Axions are of great interest because they are “highly motivated”; that is, their existence is strongly implied in theories beyond the Standard Model. Developed over more than 70 years, the Standard Model explains three of the four known fundamental forces — electromagnetism, the weak nuclear force and the strong nuclear force — that govern the behavior of atoms, the building blocks of matter. (The fourth force, gravity, is explained by Einsteinian relativity.) But the model isn’t necessarily complete.  

An unresolved problem in Standard Model physics is known as the “strong CP problem,” with “CP” meaning charge-parity symmetry. Essentially, particles and their antiparticle counterparts are acted upon similarly by the laws of physics. Nothing in Standard Model physics mandates that behavior, though, so physicists should see at least occasional violations of that symmetry.

In weak-force interactions, charge-parity symmetry violations do occur. But no similar violations have been observed in strong-force interactions. That puzzling absence of theoretically possible behavior represents a problem for Standard Model theory. What prevents violations of charge-parity symmetry from occurring in strong-force interactions?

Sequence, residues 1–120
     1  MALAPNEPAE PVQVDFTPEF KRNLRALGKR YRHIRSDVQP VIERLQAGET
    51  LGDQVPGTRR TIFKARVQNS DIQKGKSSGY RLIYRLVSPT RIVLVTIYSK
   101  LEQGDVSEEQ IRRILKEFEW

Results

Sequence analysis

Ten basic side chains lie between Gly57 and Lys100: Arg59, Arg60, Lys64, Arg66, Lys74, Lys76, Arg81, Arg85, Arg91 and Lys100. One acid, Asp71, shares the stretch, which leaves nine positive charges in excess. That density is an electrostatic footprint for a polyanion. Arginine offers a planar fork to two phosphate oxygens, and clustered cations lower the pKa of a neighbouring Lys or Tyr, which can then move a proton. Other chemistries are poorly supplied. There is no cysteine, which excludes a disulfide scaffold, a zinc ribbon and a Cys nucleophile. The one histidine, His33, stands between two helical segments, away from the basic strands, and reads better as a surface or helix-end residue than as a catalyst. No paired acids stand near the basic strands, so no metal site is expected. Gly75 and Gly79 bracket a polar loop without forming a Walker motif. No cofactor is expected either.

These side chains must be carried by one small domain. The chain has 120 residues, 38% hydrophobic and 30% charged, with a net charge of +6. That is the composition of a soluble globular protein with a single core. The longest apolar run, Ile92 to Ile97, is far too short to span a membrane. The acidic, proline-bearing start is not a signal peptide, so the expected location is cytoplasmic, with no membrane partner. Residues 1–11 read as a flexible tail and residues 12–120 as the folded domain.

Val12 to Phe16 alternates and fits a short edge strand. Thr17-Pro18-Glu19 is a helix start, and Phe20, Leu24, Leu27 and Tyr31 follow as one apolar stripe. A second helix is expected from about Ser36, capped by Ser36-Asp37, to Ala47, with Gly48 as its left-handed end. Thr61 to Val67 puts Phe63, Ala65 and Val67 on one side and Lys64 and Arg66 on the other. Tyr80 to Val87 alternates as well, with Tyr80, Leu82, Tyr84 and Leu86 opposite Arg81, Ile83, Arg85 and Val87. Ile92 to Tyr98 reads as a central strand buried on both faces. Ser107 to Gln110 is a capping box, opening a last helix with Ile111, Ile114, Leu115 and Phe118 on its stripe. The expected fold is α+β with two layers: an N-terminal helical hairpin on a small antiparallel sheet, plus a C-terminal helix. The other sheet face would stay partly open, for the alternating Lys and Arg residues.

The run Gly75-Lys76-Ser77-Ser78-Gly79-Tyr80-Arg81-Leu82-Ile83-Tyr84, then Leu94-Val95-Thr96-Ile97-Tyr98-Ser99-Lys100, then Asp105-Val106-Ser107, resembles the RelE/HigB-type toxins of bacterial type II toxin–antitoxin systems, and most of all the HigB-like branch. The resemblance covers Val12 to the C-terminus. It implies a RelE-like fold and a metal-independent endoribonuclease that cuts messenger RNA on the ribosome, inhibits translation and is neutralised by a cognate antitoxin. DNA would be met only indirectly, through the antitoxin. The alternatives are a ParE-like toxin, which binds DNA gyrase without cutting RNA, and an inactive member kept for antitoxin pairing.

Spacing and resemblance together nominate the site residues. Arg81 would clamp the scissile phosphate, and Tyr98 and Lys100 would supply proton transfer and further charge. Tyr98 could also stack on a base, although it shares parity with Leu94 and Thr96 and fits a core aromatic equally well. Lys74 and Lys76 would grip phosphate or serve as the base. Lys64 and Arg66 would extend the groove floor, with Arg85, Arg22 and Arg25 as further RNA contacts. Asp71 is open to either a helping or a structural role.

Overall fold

Abundant, nearly weightless and electrically neutral, axions may be an important part of the puzzle. The axion earned its moniker in 1978, so-coined by physicist Frank Wilczek after a brand of laundry detergent because such a particle could “clean up” the strong CP problem. Physicists speculate that they are components of a dark matter force that preserves charge-parity symmetry, and that they may couple, or interact with, photons and electrons.

Next steps

If axions do exist, finding them might be a matter of devising the right experimental set-up.

“As a result of this initial run with our CCM120 detector, we have a much better understanding of the signatures connected with axion-like particles coupled to photons and to electrons as they move through liquid argon,” said Louis. “These data give us the insight to upgrade the detector to be more sensitive by an order of magnitude.”

In 2020-2021, with further DOE and Laboratory funding, the new and upgraded CCM200 detector was built and has 200 inward pointing photomultipliers, tetraphenyl butadiene surface foils, double veto photomultipliers and liquid-argon filtration. Building off the CCM120 prototype’s results, the new detector has begun a three-year physics run that should yield further significant results on dark matter and axion searches and testing of the short baseline anomalies discovered from the previous Los Alamos-led Liquid Scintillator Neutrino Detector and Fermilab-based MiniBooNE experiments.

Published in journalPhysical Review D

Source/CreditLos Alamos National Laboratory

Reference Number: phy060723_03